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Darblay Street is one of the streets of London in the W1F postal area.
Admiral Duncan The Admiral Duncan is well-known as one of Soho’s oldest gay pubs. All Souls Church All Souls Church is an evangelical Anglican church situated at the north end of Regent Street. De Hems De Hems has become a base for London’s Dutch community, serving bitterballen and frikandellen. Leicester Square Leicester Square, while indeed a square, is also the name for a tube station. L’Escargot L’Escargot is one of London’s oldest restaurants. All Souls Place, W1B All Souls Place is a short cul-de-sac in the shadow of All Souls Church, originating in the eighteenth century as a mews off Edward Street. Archer Street, W1D Archer Street was Arch Street in 1675, Orchard Street in 1720 and Archer Street by 1746. Argyll Street, W1F Argyll Street was named after John Campbell, 2nd Duke of Argyll, owner of the land in the 18th century. Bateman Street, W1D Bateman Street was named for Sir James Bateman, local landowner and Lord Mayor of London in the 1670s. Beak Street, W1B Beak Street runs roughly east-west between Regent Street and Lexington Street. Beak Street, W1F Beak Street is named after Thomas Beake, one of the Queen’s messengers. Berners Mews, W1T Berners Mews is one of the streets of London in the W1T postal area. Berners Street, W1D Berners Street runs from the junction of Oxford Street and Wardour Street to join up with Mortimer Street and the former Middlesex Hospital. Berwick Road, W1F Berwick Road is one of the streets of London in the W1F postal area. Berwick Street, W1F Berwick Street commemorates the Duke of Berwick, an illegitimate son of James II. Boyle Street, W1S Boyle Street was built on a piece of land called the Ten Acres to discharge some Boyle family debts. Brewer Street, W1D Brewer Street runs west to east from Glasshouse Street to Wardour Street. Bridle Lane, W1F Bridle Lane is one of the streets of London in the W1F postal area. Broadwick Street, W1F Broadwick Street runs west-east between Marshall Street and Wardour Street, crossing Berwick Street. Bywell Place, W1T Bywell Place is one of the streets of London in the W1T postal area. Dansey Place, W1D Dansey Place is one of the streets of London in the W1D postal area. Dean Street, W1D Dean Street is one of the streets of London in the W1D postal area. Duck Lane, W1F Duck Lane is one of the streets of London in the W1F postal area. East Street, TW8 East Street is one of the streets in the Twickenham postal district. Eastcastle Street, W1T The portion of Eastcastle Street to the east of Wells Street originally belonged to the Berners Estate. Excel Court, WC2H Excel Court is one of the streets of London in the WC2H postal area. Great Windmill Street, W1F Great Windmill Street has had a long association with music and entertainment, most notably the Windmill Theatre. Greens Court, W1F Greens Court is one of the streets of London in the W1F postal area. Ham Yard, W1D Ham Yard is one of the streets of London in the W1D postal area. Hanway Place, W1T Hanway Place is one of the streets of London in the W1T postal area. Hills Place, W1F Hills Place is one of the streets of London in the W1F postal area. Hog Lane, WC2H Hog Lane was a lane that went from St Giles’ leper hospital (set up in the 12th century) to the monument to Eleanor at Charing Cross. Kemp’s Court, W1F Kemp’s Court is situated in the heart of Berwick Street Market where a line of stalls stretch down both sides of the road. Kingly Court, W1B Kingly Court is one of the streets of London in the W1B postal area. Linen Hall, W1B Linen Hall is one of the streets of London in the W1B postal area. Livonia Street, W1F Livonia Street was originally Bentinck Street, family name of owner the Duke of Portland. Manette Street, W1D Manette Street in Soho is named after the character from Dickens’ A Tale of Two Cities. Market Place, W1W Market Place is one of the streets of London in the W1W postal area. Meard Street, W1F John Meard, the younger was a carpenter, later a landowner, who developed the street. Mill Street, W1S Mill Street is one of the streets of London in the W1S postal area. Moor Street, W1D Moor Street is one of the streets of London in the W1D postal area. New Bond Street, W1S New Bond Street is the northernmost section of what is simply known as ’Bond Street’ in general use. Newburg Road, W1F Newburg Road is one of the streets of London in the W1F postal area. Newport Court, WC2H Newport Court was laid out approximately on the site of the courtyard of Newport House. Newport Place, W1D Newport Place was named after Mountjoy Blount, Earl of Newport (Isle of Wight), who owned a house on Newport Street in the 17th century. Noel Street, W1F Noel Street is one of the streets of London in the W1F postal area. Palladium House, W1B Palladium House is a grade II listed (in 1981) Art Deco office building located on the corner of Great Marlborough Street and Argyll Street. Peter Street, W1F Peter Street is one of the streets of London in the W1F postal area. Rathbone Place, W1T Rathbone Place honours Captain Rathbone who was the builder of the road and properties thereon from 1718 onwards. Regent Place, W1B Regent Place is one of the streets of London in the W1B postal area. Riding House Street, W1W Riding House Street commemorates a riding house and barracks of the First Troop of Horse Grenadier Guards. Romilly Street, W1D Romilly Street is a small street that runs behind Shaftesbury Avenue and takes its name from lawyer Samuel Romilly. Royalty Mews, W1D Royalty Mews is one of the streets of London in the W1D postal area. Rupert Court, W1D Rupert Court was named for Prince Rupert of the Rhine, the First Lord of the Admiralty when the court was built in 1676. Rupert Street, W1D Rupert Street – after Prince Rupert of the Rhine, noted 17th century general and son of Elizabeth Stuart, daughter of King James I. Shaftesbury Avenue, W1D Shaftesbury Avenue is a major street in the West End of London, named after Anthony Ashley Cooper, 7th Earl of Shaftesbury. Silver Place, W1F Silver Place is one of the streets of London in the W1F postal area. Smiths Court, W1D Smiths Court is one of the streets of London in the W1D postal area. Soho Square, W1D In its early years, Soho Square was one of the most fashionable places to live in London. Soho Street, W1D Soho Street is one of the streets of London in the W1D postal area. Stephen Mews, W1T Stephen Mews is one of the streets of London in the W1T postal area. Walker’s Court, W1D Walker’s Court is one of the many passageways which in past years was known as ’Paved Alley’. Wardour Street, W1D The part of Wardour Street south of Shaftesbury Avenue runs through London’s Chinatown. Wardour Street, W1F Wardour Street is a street that runs north from Leicester Square, through Chinatown, across Shaftesbury Avenue to Oxford Street. Wells Mews, W1T Wells Mews is one of the streets of London in the W1T postal area. Wells Street, W1W Wells Street is one of the streets of London in the W1T postal area. West Street, WC2H West Street is one of the streets of London in the WC2H postal area.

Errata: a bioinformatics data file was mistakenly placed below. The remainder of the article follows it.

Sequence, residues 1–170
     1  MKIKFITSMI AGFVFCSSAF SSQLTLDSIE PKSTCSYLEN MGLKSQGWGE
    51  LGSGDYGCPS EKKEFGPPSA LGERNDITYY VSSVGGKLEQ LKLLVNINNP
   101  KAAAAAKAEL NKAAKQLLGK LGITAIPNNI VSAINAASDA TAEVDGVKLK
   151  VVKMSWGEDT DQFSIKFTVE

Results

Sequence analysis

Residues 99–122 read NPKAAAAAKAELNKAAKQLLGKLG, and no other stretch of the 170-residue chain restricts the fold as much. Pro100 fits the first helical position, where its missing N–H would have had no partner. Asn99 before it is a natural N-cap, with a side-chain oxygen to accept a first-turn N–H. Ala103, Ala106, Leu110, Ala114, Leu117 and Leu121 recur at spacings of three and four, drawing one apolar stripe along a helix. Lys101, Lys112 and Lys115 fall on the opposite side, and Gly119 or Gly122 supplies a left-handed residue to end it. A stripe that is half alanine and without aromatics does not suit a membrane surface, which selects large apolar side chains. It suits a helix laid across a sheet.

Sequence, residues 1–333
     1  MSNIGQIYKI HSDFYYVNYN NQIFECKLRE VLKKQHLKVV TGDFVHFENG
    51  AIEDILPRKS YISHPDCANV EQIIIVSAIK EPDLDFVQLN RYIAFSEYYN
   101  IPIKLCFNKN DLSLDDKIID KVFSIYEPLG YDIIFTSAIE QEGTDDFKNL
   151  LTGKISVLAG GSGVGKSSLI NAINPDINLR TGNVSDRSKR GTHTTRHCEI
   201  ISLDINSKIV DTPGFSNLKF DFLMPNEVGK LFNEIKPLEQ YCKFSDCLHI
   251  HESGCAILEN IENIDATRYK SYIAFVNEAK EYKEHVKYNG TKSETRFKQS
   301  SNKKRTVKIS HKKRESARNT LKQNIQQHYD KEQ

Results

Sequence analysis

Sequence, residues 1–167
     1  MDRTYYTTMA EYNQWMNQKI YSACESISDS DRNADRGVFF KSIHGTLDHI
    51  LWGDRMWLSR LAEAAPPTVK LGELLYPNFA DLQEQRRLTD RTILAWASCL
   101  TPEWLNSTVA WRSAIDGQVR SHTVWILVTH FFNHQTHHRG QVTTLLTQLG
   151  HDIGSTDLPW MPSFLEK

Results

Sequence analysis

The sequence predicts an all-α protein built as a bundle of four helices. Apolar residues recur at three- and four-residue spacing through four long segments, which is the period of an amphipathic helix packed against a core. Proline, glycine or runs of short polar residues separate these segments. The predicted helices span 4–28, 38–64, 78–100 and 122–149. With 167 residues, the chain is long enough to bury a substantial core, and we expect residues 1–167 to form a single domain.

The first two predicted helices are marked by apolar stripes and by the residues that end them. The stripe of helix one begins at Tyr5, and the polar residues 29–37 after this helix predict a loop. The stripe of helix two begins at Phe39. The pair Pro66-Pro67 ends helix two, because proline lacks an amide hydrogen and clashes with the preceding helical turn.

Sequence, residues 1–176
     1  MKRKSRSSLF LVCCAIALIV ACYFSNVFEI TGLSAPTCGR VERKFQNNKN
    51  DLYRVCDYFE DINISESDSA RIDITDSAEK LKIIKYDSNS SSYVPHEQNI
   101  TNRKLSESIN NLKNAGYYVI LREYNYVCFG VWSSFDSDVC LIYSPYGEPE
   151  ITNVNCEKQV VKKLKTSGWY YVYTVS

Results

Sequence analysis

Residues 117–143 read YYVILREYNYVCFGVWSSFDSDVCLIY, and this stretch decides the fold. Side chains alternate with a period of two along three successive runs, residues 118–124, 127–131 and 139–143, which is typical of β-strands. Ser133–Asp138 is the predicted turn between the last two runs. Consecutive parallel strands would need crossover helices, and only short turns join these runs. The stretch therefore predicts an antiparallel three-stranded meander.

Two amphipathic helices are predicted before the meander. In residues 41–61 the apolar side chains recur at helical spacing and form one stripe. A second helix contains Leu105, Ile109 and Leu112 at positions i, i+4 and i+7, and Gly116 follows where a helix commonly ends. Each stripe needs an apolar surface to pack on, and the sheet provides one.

Soho is a world-famous area of the City of Westminster and part of the West End of London.
The name "Soho" first appears in the 17th century. Most authorities believe that the name derives from a former hunting cry. James Scott, 1st Duke of Monmouth, used "soho" as a rallying call for his men at the Battle of Sedgemoor on 6 July 1685, half a century after the name was first used for this area of London. The Soho name has been imitated by other entertainment and restaurant districts such as Soho, Hong Kong; Soho, Málaga; SOHO, Beijing; SoHo (South of Horton), London, Ontario, Canada; and Palermo Soho, Buenos Aires. SoHo, Manhattan, gets its name from its location SOuth of HOuston Street, but is also a reference to London’s Soho.
Long established as an entertainment district, for much of the 20th century Soho had a reputation as a base for the sex industry in addition to its night life and its location for the headquarters of leading film companies. Since the 1980s, the area has undergone considerable gentrification. It is now predominantly a fashionable district of upmarket restaurants and media offices, with only a small remnant of sex industry venues.
Soho is a small, multicultural area of central London; a home to industry, commerce, culture and entertainment, as well as a residential area for both rich and poor. It has clubs, including the former Chinawhite nightclub; public houses; bars; restaurants; a few sex shops scattered amongst them; and late-night coffee shops that give the streets an "open-all-night" feel at the weekends. Record shops cluster in the area around Berwick Street
, with shops such as Phonica, Sister Ray and Reckless Records.